Jacques Goulet, PhD
Probiotics is the name for these beneficial bacteria, which the World Health Organization (WHO) and the Food and Agriculture Organization of the US (FAO) define as "live microorganisms, which when administered .
Most of us have heard of healthy bacteria, the kind we need to keep the unhealthy bugs that live in our gastro-intestinal tracts in check.
Probiotics is the name for these beneficial bacteria, which the World Health Organization (WHO) and the Food and Agriculture Organization of the US (FAO) define as "live microorganisms, which when administered in adequate amounts confer a health benefit on the host."
For the producer, the person prescribing them, and the person using probiotics (a.k.a. "the host"), a major concern is the concentration and viability of the microbial strains that are to be incorporated in commercial products.
How can producers maximize the health benefit potential of probiotics? The most reliable new research tells us there are five factors involved.
1. Selecting multi-strains
Since the intestinal tract is colonized by a large diversity of bacteria (300 to 400 different strains), and since many bacteria also produce antimicrobial compounds against other bacteria, it is very unlikely that a single strain of probiotic bacteria will perform well in the gastro-intestinal tract of every user. There is now a growing scientific consensus that multi-strain probiotic products have a wider scope of application and are more likely to show health benefits in a larger proportion of users. This is due mainly to the diversity and synergy of the selected strains.
2. Producing the most highly activestrains
Probiotic bacteria are cultivated in carefully formulated nutrient broths, under sterile conditions, and within stainless steel fermentors. They are grown and harvested under conditions that maximize their viability and probiotic activities. In order to preserve the integrity of their cellular structures and enzymatic activities, they are ultimately dehydrated by freeze-drying.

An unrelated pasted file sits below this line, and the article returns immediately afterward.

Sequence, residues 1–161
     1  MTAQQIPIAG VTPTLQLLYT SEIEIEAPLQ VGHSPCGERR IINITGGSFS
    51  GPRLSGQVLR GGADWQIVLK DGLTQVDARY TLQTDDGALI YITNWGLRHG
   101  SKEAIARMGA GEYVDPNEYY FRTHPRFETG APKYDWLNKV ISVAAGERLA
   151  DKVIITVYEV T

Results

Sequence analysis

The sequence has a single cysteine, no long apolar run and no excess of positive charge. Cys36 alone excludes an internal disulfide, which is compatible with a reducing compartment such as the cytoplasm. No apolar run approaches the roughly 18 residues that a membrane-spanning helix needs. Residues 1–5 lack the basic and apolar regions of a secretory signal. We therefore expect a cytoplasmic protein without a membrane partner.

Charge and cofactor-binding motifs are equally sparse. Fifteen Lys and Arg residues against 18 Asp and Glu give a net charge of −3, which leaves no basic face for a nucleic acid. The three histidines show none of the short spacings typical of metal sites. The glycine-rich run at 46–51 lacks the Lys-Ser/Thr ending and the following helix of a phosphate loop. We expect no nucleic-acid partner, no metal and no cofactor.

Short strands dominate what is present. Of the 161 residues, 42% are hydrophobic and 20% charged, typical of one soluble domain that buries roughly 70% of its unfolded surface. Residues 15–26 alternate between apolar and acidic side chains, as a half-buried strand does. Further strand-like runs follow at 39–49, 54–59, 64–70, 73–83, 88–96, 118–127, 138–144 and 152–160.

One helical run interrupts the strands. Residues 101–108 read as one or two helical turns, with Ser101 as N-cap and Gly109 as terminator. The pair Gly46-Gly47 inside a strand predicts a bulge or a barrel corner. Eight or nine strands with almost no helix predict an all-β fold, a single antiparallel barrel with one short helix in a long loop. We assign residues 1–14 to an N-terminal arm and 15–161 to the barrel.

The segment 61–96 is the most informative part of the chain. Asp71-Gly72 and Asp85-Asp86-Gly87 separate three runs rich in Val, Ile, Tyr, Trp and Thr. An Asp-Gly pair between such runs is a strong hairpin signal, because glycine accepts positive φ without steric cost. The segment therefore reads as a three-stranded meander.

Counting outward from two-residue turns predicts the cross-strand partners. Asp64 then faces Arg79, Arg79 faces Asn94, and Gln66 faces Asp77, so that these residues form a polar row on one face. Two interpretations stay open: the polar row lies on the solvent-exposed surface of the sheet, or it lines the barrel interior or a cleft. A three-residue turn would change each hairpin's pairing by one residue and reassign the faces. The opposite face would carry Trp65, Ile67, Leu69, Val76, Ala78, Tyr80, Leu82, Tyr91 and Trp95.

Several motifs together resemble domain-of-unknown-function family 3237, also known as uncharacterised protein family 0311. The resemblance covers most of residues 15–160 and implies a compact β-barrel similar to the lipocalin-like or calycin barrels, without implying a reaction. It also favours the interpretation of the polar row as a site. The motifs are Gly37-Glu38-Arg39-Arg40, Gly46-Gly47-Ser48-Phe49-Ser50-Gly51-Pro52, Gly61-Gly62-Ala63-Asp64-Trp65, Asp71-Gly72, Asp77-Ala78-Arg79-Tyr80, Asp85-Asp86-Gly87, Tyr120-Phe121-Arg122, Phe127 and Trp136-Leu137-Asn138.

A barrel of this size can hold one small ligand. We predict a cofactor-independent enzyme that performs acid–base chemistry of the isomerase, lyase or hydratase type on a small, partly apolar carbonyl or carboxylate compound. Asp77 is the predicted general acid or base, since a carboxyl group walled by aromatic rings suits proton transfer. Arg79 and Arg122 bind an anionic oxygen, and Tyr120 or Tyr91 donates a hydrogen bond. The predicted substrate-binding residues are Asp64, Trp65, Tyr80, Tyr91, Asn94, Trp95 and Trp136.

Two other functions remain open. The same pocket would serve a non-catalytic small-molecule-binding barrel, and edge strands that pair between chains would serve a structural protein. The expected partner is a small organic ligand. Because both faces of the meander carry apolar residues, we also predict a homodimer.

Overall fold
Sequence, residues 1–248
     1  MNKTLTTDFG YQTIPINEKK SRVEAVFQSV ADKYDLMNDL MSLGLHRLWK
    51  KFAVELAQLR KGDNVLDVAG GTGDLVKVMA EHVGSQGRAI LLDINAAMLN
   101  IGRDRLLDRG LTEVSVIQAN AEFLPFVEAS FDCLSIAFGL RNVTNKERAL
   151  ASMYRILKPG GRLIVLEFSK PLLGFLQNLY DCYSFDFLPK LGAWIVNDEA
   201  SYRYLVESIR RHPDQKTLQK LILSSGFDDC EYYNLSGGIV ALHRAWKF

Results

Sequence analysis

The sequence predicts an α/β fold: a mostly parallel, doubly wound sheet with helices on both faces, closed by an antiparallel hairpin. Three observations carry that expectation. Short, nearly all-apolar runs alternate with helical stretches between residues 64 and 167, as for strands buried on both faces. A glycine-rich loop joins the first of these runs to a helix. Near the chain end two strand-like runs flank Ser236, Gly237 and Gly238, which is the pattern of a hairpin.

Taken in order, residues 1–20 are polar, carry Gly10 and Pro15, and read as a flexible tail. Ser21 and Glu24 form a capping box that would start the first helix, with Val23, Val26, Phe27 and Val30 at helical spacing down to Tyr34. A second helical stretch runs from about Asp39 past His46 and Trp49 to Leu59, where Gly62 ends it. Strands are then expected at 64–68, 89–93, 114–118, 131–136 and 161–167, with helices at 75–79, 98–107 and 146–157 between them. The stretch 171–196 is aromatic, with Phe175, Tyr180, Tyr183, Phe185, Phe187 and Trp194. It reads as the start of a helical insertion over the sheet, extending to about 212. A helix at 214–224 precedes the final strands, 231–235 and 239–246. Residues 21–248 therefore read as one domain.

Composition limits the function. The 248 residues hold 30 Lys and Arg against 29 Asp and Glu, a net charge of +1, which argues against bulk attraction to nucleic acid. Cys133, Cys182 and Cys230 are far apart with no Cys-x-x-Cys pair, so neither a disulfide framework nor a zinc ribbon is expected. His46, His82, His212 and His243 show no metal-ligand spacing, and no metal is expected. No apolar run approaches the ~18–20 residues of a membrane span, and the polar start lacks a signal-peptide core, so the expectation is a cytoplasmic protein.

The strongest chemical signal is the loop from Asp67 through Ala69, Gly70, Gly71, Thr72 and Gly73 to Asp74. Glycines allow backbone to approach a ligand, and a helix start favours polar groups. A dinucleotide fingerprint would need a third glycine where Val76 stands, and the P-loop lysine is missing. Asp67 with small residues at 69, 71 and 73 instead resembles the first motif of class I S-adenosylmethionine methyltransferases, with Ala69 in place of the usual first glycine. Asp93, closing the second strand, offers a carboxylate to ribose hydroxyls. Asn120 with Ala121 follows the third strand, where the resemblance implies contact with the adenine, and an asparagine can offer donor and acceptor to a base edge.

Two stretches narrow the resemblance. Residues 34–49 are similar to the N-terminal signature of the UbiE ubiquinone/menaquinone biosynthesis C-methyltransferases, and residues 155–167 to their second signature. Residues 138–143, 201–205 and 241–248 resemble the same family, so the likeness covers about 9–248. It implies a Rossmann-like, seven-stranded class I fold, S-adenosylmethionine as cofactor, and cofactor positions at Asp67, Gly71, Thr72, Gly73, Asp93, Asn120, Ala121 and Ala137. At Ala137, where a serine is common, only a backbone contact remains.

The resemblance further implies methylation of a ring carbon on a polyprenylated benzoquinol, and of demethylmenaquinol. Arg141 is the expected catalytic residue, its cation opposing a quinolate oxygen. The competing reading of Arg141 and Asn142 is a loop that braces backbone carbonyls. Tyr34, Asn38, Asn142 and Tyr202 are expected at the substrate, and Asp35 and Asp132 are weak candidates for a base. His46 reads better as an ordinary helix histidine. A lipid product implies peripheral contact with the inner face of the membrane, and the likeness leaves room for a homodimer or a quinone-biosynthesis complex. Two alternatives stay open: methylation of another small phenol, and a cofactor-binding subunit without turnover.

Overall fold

3. Providing adequate dosage
According to the WHO/FAO definition, we need "adequate amounts" of probiotic microbial cells to confer health benefits to the host. It is now generally recognized that minimal concentrations should not be less than 100-million live cells per gram for fermented products like yogurts, and one-billion viable cells per dose (usually one capsule) for most freeze-dried probiotic products.
4. Preserving viable cells
The best storage condition for all fresh and dried products is refrigeration. However, we see more and more commercial products claiming very good stability at room temperature due to the development of improved preservation technologies.
5. Delivering viable cells
Even though carefully selected bacteria are produced and stored under the best conditions to preserve their viability and probiotic activities, there is still one major obstacle to overcome in order to insure maximum potency-the acidity of the stomach.
The delivery of highly active bacteria in the intestinal tract, under minimal physiological stresses, can now be achieved with enteric-coated capsules. This is a very efficient vehicle to bypass the acidic environment of the stomach and weaken the effect of bile salts. Since the bacteria will rehydrate when they're in a nonaggressive environment, their viability will be maximized as well as their physiological, beneficial activities, and they will be less diluted (by the food bowel) during their transit through the intestinal tract. This maximizes their dosage and their potential for improving the health status of the person taking them.
Multi-strain, shelf-stable, enteric-coated probiotic products are most likely to give us the best of what the "healthy bugs" have to offer to help keep our gastro-intestinal tracts in balance.